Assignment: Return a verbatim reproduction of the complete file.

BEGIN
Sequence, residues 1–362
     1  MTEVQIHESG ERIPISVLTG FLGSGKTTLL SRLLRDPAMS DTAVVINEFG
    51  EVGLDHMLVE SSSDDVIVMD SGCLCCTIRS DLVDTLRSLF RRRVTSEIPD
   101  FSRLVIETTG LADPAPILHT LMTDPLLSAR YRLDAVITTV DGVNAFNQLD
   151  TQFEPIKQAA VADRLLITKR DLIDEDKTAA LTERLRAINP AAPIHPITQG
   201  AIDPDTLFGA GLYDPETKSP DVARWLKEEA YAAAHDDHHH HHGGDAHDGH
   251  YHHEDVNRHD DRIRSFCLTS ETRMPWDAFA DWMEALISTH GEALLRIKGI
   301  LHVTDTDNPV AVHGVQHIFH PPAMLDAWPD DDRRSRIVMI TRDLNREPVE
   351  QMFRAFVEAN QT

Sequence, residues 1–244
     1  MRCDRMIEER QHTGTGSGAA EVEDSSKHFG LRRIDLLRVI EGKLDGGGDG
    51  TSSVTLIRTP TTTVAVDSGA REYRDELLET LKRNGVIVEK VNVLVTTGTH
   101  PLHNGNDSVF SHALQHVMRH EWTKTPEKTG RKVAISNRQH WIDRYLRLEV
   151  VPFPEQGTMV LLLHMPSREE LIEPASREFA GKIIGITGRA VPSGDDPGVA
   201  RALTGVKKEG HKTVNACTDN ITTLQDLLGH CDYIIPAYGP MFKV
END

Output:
Sequence, residues 1–362
     1  MTEVQIHESG ERIPISVLTG FLGSGKTTLL SRLLRDPAMS DTAVVINEFG
    51  EVGLDHMLVE SSSDDVIVMD SGCLCCTIRS DLVDTLRSLF RRRVTSEIPD
   101  FSRLVIETTG LADPAPILHT LMTDPLLSAR YRLDAVITTV DGVNAFNQLD
   151  TQFEPIKQAA VADRLLITKR DLIDEDKTAA LTERLRAINP AAPIHPITQG
   201  AIDPDTLFGA GLYDPETKSP DVARWLKEEA YAAAHDDHHH HHGGDAHDGH
   251  YHHEDVNRHD DRIRSFCLTS ETRMPWDAFA DWMEALISTH GEALLRIKGI
   301  LHVTDTDNPV AVHGVQHIFH PPAMLDAWPD DDRRSRIVMI TRDLNREPVE
   351  QMFRAFVEAN QT

Sequence, residues 1–244
     1  MRCDRMIEER QHTGTGSGAA EVEDSSKHFG LRRIDLLRVI EGKLDGGGDG
    51  TSSVTLIRTP TTTVAVDSGA REYRDELLET LKRNGVIVEK VNVLVTTGTH
   101  PLHNGNDSVF SHALQHVMRH EWTKTPEKTG RKVAISNRQH WIDRYLRLEV
   151  VPFPEQGTMV LLLHMPSREE LIEPASREFA GKIIGITGRA VPSGDDPGVA
   201  RALTGVKKEG HKTVNACTDN ITTLQDLLGH CDYIIPAYGP MFKV